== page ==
Carol Dunbar didn’t set out to be an writer.
For more than a decade, she was an actress based in the Twin Cities. She told stories by embodying them.
But then she and her husband — also an actor — decided to leave it all behind. They moved off the grid, to rural Wisconsin, so her husband could handcraft furniture. It was there, while learning to split wood and pump water and raise two toddlers in the midst of the chaos, that Dunbar came to the stunning conclusion that she was a storyteller — just one who had been working in the wrong art form. So she began to write.
Her first book, “The Net Beneath Us” won the Edna Ferber Fiction Book Award and told the story of a young woman learning to live close off the land in Wisconsin after her husband has a logging accident. Her new novel, “A Winter’s Rime,” is also set in northern Wisconsin and plays with truths Dunbar has learned firsthand about PTSD, healing and place.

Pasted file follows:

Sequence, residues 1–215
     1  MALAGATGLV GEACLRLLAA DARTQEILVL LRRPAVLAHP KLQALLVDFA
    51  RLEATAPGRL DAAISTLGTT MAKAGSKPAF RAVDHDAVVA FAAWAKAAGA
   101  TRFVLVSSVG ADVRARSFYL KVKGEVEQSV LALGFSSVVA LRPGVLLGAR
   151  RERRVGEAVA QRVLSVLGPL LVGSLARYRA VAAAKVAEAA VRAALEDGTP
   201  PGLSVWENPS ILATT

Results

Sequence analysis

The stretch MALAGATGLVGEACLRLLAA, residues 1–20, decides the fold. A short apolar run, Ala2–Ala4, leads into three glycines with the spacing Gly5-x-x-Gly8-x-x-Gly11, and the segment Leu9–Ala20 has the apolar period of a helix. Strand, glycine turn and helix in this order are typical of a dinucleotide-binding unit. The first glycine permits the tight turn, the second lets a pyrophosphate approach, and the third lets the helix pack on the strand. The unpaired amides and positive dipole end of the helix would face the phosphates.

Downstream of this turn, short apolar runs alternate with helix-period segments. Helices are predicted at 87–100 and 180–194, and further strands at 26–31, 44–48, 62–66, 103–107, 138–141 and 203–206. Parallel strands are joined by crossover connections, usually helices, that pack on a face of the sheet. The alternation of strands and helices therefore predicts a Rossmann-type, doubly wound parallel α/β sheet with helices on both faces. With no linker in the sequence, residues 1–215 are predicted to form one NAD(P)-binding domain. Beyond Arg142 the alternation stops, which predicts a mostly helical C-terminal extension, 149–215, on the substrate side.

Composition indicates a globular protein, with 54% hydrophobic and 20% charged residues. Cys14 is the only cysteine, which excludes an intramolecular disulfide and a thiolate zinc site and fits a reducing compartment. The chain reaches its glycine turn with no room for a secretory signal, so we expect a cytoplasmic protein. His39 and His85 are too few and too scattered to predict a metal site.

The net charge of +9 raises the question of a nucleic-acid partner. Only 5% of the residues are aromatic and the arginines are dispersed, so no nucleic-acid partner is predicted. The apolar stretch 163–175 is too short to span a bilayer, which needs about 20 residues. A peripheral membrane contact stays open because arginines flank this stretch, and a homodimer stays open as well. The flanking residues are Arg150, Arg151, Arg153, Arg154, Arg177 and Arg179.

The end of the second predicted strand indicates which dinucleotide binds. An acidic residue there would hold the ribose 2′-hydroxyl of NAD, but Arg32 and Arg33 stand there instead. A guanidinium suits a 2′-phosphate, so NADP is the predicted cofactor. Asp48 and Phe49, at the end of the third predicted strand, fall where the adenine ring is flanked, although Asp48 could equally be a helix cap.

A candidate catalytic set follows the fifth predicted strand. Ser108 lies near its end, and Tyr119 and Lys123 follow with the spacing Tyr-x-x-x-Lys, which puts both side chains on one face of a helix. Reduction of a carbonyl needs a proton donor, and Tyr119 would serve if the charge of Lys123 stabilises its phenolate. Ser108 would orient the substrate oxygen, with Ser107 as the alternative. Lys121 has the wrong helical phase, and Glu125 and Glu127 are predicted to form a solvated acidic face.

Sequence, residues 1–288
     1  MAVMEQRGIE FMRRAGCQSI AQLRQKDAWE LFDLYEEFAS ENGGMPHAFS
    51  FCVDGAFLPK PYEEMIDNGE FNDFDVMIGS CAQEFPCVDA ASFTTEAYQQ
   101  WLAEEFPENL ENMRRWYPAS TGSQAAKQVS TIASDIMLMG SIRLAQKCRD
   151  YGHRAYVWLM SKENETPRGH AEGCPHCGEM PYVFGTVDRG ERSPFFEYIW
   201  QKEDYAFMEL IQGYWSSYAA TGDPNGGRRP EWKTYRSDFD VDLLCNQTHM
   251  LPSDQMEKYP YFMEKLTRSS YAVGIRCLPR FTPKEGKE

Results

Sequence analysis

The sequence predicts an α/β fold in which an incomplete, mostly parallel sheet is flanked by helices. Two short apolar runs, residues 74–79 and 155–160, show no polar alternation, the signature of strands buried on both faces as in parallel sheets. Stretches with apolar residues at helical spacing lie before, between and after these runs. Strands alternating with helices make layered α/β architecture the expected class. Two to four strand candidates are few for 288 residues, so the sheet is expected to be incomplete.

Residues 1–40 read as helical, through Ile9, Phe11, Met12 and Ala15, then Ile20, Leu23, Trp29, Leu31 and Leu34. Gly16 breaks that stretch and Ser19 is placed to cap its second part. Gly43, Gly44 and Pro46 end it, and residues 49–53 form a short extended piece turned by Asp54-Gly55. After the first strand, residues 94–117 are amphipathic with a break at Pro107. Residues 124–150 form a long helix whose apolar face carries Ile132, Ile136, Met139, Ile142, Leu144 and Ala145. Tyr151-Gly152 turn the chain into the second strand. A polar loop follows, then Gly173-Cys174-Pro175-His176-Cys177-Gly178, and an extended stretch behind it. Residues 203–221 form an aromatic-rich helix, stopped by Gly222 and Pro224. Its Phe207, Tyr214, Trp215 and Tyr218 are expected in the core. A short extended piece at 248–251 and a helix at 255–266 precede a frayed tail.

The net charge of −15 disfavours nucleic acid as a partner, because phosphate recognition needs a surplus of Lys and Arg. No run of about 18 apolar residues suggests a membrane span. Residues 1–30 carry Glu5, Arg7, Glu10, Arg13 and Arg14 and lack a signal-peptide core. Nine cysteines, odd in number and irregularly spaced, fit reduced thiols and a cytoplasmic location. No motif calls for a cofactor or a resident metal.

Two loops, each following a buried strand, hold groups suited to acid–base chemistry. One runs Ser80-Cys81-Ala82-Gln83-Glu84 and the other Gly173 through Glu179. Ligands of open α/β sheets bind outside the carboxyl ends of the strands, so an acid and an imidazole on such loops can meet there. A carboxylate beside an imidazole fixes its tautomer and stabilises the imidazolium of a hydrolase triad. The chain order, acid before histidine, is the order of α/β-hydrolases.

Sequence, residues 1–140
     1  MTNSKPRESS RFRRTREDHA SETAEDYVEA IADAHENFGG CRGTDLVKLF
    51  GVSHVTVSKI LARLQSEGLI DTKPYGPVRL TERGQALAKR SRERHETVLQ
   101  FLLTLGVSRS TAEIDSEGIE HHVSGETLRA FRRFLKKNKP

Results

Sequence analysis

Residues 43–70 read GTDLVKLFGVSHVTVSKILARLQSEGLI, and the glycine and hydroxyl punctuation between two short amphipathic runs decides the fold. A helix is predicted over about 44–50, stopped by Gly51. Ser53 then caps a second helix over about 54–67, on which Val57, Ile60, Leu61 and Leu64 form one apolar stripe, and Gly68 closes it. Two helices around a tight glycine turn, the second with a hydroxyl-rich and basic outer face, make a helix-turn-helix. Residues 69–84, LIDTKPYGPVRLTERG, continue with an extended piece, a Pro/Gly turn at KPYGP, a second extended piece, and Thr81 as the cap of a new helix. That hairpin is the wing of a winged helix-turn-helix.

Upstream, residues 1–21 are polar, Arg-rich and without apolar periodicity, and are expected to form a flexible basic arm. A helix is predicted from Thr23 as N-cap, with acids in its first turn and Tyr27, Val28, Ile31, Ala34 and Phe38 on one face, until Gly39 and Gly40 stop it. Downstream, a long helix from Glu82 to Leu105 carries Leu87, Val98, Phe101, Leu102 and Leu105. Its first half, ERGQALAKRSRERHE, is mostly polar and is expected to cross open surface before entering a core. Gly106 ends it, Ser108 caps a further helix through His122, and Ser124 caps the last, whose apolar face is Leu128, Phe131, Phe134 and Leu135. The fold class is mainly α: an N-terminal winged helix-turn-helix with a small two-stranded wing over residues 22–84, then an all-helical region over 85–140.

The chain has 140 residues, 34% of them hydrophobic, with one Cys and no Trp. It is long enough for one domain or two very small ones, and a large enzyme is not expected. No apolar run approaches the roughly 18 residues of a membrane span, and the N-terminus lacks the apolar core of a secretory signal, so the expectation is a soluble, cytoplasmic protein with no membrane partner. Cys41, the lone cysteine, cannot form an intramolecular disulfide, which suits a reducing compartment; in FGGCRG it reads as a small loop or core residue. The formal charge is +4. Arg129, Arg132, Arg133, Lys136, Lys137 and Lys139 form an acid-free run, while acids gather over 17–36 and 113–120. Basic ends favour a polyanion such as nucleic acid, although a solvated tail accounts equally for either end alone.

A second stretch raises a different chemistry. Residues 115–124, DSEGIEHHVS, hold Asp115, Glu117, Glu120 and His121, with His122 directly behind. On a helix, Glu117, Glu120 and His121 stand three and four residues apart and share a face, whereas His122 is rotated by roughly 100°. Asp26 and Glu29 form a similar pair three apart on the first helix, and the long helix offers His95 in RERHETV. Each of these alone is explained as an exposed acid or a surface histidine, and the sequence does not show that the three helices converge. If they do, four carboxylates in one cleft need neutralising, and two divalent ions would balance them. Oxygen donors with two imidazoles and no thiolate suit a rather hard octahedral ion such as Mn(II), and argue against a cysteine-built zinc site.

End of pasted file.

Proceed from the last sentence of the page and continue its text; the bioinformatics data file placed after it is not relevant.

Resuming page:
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This week’s Big Book and Bold Ideas features a conversation between host Kerri Miller and Dunbar. They talk about how the rural north woods influence Dunbar’s writing, how both her books are informed by her own story and why learning to forgive one’s self might be the key to redemption.
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